Involving more people (a.k.a Getting guinea pigs)

     If you involve more people, that means that more people is "spending" time in dealing with GNU/Linux issues than doing "real work". Some of your partners, or even your boss could object to this, saying that you are only "wasting" time. It happened to me, and can happen to you.

     If you want to involve some other people in this testing, either at the beginning or after some months of you running GNU/Linux in your PC, please take in consideration the following issues when "selecting" who are going to be your "guinea pigs".

     First, find out why they want to participate in this project, and choose the ones that are REALLY interested, not the ones that just heard that "Linux is very cool" so they want to know more about it. How to know who is REALLY interested, well, for this you need a little of psychology, talk with them, show them the installation you have and wait for their questions. The type of questions they ask you tells a lot about their interest, and their intentions.

Then find something about their background, it is better to "accept" a Unix guy than a Windows guy, at least for this initial stage. If you have plenty of Unix guys, it is better to choose one that has system administration skills than one that has been a "mortal" user all the times he has been in front of a Unix Workstation.

     Another important aspect you have to consider is their available time. It is not a good idea to "enroll" the busiest person in the office. But be careful, even the busiest one could create some spare time for this project (lunch time?). So basically this is a question of disposition, remember that the excuse: "I don't have time" is not real. A person that is really interested will find some time, maybe doing some installations and configurations at home, and applying them for 10 minutes at work, or at least letting you know about them via e-mail.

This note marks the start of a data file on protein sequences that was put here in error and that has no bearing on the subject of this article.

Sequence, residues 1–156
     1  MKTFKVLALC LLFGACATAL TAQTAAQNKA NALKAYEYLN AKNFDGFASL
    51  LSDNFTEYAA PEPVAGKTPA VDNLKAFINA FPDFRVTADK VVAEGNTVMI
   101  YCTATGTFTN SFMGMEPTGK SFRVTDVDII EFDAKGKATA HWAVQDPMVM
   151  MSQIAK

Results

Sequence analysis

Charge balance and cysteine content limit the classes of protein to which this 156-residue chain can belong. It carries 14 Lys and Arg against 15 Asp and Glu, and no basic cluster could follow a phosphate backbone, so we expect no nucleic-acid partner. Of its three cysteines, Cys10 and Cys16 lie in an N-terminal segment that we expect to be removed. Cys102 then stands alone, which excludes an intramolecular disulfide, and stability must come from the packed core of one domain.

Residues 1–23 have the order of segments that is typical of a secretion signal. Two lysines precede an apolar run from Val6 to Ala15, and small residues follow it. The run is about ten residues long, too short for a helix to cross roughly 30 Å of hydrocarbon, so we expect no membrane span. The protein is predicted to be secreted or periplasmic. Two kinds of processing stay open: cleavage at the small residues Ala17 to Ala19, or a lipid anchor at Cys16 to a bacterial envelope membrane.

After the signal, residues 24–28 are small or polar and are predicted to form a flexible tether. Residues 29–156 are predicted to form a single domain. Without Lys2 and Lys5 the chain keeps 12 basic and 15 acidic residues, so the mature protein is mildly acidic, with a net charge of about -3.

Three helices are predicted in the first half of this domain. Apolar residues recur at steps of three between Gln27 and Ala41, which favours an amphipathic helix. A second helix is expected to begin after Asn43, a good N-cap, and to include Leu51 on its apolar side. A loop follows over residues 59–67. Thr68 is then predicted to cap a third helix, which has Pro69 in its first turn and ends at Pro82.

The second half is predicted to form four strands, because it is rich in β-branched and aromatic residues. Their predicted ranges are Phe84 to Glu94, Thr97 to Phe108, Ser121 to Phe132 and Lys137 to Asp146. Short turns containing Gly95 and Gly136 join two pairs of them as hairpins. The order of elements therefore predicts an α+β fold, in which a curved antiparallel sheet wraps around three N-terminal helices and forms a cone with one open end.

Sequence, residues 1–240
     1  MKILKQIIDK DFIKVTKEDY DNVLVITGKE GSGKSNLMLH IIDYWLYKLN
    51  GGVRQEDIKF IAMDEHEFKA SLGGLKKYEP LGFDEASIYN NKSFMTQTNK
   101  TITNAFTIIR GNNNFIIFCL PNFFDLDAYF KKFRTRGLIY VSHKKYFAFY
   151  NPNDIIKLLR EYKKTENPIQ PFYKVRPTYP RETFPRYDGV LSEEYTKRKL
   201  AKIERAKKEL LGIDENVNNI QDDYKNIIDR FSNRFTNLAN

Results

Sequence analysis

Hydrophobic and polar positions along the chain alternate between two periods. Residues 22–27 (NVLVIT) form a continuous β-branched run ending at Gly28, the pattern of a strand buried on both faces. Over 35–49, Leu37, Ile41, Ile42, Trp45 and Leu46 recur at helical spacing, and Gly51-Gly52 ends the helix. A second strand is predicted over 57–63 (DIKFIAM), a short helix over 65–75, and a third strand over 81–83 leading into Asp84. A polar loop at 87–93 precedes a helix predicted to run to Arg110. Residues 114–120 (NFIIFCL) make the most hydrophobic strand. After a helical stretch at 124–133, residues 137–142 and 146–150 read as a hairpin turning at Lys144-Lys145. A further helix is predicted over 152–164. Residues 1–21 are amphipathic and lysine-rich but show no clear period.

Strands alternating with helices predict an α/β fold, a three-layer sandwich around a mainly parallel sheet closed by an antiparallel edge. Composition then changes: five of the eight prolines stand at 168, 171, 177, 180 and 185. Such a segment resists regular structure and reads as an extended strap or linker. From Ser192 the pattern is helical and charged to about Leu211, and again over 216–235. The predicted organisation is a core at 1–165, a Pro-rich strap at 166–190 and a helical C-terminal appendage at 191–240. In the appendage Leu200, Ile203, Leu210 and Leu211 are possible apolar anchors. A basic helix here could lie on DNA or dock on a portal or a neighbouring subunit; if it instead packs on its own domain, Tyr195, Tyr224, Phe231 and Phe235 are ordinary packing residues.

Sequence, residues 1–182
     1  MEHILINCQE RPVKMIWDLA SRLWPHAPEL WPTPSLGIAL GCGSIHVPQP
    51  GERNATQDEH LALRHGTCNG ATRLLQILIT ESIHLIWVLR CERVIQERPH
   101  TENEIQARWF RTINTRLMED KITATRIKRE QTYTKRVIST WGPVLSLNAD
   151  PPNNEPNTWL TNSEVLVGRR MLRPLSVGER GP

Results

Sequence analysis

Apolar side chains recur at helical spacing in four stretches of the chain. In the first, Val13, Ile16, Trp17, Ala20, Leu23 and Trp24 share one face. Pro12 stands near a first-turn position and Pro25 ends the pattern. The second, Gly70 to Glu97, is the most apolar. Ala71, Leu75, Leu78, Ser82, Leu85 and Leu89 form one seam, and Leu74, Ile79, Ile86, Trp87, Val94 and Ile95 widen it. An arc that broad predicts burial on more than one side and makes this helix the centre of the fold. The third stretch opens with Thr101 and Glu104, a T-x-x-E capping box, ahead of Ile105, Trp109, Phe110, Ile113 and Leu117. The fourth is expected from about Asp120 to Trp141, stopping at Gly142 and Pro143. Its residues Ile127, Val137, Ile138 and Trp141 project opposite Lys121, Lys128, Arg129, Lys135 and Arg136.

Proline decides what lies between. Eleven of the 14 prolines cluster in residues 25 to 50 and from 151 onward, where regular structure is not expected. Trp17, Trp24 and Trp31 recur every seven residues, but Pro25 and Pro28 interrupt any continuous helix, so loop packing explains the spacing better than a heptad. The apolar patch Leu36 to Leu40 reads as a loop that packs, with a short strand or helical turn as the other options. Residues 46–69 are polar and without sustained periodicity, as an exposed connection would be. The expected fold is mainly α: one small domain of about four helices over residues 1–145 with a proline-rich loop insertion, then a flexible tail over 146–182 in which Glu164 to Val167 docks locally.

Experience inside the company is also one important factor, you would prefer a more experienced person inside the company to join your project, mainly because this person has already some credibility, so if he/she says that "this stuff is good", more people are going to believe him/her than the new kid on the block. If you are this person (the experienced one), then you could choose then a new guy, so you can shape him/her by providing a tutoring image to follow, helping GNU/Linux to go deeper into his/her mind (brainwash??).